A healthcare worker checks the temperature of a woman arriving in Syrian Kurdistan (Rojava) from Iraqi Kurdistan, February 26, 2020 (Delil Souleiman/AFP)
The Kurdish administration in northeast Syria has reported the first confirmed case of Coronavirus.
The administration in Syrian Kurdistan (Rojava) said a 53-year-old man died at Qamishli National Hospital on April 2. He had been transferred to the National Hospital from a local facility on March 27.
Samples were sent on March 29 for testing by the World Health Organisation in Damascus. The positive result was confirmed on April 2, but the administration said it was not told of the results.
A WHO spokesperson said the Assad regime’s Health Ministry reported the case on April 2. He did not clarify if it is one of the 38 case, with two deaths, that the regime has acknowledged.
Inas Hamam added, “Contact tracing of the patient’s close contacts was conducted, and all were reported negative. However, another family member is currently reportedly also in hospital with symptoms of COVID-19 with test results pending.”
Claiming the lack of information was “dangerous”, the administration said, “The international organisation [WHO] knows well that the Syrian authorities do not cooperate with the autonomous administration.”
An official at the Qamishli National Hospital, under the control of the regime, denied earlier on Friday that there were any Coronavirus cases. Regime media did not report the death.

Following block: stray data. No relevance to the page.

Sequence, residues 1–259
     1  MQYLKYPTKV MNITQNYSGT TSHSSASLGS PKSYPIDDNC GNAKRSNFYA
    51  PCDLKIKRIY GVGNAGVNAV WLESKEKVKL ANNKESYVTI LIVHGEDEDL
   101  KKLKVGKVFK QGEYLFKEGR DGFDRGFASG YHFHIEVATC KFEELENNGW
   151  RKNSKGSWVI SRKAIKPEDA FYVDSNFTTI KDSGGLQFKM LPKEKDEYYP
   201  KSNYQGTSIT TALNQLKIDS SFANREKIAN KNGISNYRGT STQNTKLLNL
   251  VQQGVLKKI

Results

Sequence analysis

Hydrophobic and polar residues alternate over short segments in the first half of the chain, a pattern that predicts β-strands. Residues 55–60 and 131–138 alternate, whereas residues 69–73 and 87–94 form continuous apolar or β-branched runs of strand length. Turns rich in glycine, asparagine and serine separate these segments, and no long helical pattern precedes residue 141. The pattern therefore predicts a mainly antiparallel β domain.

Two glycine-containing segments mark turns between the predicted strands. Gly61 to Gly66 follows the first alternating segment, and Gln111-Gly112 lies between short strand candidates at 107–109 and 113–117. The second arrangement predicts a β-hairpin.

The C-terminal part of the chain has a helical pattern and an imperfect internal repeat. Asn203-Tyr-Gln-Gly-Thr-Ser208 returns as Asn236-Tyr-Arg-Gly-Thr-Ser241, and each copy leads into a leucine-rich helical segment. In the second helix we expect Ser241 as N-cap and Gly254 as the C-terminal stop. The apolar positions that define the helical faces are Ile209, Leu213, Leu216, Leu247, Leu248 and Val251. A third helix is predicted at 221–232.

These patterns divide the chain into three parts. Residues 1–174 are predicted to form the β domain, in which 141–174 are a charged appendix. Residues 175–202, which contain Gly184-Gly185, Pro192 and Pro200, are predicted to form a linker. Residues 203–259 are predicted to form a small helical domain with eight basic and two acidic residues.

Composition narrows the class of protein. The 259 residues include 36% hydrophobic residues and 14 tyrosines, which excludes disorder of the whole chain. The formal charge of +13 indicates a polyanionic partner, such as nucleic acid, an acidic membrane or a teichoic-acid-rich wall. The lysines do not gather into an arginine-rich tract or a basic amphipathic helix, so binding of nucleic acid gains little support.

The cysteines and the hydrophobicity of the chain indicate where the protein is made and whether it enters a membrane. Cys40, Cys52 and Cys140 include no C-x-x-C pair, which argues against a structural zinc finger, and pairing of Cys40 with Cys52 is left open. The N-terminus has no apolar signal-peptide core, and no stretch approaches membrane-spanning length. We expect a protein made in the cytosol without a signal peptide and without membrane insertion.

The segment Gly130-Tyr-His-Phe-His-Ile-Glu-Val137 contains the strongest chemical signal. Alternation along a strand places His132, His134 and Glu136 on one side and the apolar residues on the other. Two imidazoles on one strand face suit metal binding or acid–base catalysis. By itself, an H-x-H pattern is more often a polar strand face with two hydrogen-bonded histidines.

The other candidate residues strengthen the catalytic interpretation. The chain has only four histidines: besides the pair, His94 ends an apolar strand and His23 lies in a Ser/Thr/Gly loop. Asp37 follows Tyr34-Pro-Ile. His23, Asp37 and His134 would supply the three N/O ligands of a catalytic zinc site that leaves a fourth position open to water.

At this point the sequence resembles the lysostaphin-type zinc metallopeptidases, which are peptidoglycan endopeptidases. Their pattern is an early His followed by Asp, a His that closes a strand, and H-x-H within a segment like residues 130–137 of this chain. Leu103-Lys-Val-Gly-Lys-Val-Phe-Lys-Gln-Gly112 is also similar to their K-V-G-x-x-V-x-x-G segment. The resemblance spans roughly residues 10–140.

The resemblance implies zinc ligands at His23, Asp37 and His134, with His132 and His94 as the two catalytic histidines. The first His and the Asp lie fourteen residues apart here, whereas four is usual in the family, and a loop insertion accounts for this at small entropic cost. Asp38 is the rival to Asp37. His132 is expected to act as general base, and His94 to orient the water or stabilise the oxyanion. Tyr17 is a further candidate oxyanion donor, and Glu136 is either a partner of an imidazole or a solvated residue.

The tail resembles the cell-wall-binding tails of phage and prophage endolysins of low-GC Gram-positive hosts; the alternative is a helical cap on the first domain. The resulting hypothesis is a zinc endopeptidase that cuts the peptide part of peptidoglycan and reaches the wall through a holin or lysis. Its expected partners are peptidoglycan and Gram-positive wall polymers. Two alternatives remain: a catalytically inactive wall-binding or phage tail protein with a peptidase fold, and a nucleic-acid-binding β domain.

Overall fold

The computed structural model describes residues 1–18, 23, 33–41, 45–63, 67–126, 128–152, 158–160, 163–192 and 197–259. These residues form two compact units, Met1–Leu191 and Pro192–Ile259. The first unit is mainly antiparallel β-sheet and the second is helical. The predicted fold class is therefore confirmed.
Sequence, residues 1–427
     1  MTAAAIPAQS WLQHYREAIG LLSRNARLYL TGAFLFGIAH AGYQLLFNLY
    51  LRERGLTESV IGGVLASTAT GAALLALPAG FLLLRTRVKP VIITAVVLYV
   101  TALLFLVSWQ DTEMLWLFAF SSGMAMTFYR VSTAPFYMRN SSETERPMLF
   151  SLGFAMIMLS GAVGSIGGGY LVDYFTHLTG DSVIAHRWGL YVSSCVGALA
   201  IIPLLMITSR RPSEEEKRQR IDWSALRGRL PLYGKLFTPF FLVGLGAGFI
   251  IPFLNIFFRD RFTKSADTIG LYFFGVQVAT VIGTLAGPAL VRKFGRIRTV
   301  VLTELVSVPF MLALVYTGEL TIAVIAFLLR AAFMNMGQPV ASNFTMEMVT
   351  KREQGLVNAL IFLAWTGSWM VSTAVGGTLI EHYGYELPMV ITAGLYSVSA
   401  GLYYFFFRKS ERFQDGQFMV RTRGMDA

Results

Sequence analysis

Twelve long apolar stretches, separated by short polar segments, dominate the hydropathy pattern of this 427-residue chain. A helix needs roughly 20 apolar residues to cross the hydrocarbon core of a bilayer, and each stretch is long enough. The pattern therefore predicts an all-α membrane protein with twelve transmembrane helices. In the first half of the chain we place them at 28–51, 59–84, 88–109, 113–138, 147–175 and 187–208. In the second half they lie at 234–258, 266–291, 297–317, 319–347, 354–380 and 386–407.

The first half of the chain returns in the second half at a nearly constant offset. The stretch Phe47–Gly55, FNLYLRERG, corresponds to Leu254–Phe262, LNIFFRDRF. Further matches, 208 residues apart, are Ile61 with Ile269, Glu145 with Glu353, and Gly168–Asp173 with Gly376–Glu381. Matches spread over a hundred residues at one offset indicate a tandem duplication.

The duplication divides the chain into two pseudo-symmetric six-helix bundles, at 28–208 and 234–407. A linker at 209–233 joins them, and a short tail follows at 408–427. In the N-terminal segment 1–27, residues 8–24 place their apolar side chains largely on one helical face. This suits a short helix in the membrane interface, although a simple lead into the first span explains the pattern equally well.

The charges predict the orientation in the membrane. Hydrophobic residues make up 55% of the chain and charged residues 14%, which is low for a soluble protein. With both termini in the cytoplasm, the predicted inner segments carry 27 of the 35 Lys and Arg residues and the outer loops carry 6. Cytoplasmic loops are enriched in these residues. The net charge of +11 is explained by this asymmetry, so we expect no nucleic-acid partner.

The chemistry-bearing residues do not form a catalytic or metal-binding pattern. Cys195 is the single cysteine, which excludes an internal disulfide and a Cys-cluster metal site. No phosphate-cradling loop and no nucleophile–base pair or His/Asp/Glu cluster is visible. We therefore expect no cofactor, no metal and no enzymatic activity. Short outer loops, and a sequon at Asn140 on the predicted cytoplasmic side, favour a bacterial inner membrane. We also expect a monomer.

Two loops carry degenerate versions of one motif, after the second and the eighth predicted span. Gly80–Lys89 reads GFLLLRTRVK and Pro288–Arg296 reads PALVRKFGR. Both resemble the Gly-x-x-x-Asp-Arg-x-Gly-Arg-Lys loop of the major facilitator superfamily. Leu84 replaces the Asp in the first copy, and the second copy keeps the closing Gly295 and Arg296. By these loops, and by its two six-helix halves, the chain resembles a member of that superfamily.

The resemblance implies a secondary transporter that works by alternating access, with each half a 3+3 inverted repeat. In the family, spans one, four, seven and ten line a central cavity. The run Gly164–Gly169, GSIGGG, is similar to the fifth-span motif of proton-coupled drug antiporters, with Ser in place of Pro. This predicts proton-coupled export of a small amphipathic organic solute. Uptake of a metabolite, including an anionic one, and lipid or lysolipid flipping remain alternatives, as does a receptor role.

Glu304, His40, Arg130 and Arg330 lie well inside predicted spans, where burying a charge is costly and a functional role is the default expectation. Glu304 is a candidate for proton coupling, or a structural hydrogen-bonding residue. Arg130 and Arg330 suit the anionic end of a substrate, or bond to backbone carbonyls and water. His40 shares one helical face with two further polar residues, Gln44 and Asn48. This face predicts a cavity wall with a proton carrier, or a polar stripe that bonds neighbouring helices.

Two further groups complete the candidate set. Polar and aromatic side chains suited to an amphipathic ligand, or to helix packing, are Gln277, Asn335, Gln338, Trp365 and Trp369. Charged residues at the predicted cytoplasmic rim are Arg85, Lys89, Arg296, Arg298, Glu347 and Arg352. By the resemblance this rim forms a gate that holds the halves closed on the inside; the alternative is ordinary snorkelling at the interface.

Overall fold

Lack of Essential Supplies
The Kurdish administration has imposed quarantine measures, including in displacement camps and prisons with thousands of suspected Islamic State members and their families.
Earlier this week, the Kurdistan Region of Iraq delivered two testing machines. The WHO airlifted a 20-ton medical shipment to Qamishli.
However, the co-chair of the Syrian administration’s health board said stocks of ventilators and personal protective equipment are inadequate. Almost all Coronavirus tests are carried out at the single central laboratory in Damascus.
Rojava, consisting of the Kurdish cantons of Kobani and Cezire, has effectively been a Kurdish autonomous area since 2017. The US-supported, Kurdish-led Syrian Democratic Forces pushed back the Islamic State, capturing the last ISIS-held village in March 2019.
The Assad regime refuses to acknowledge Kurdish autonomy. It retains oversight of some public services in the territory, paying the salaries of officials and staff.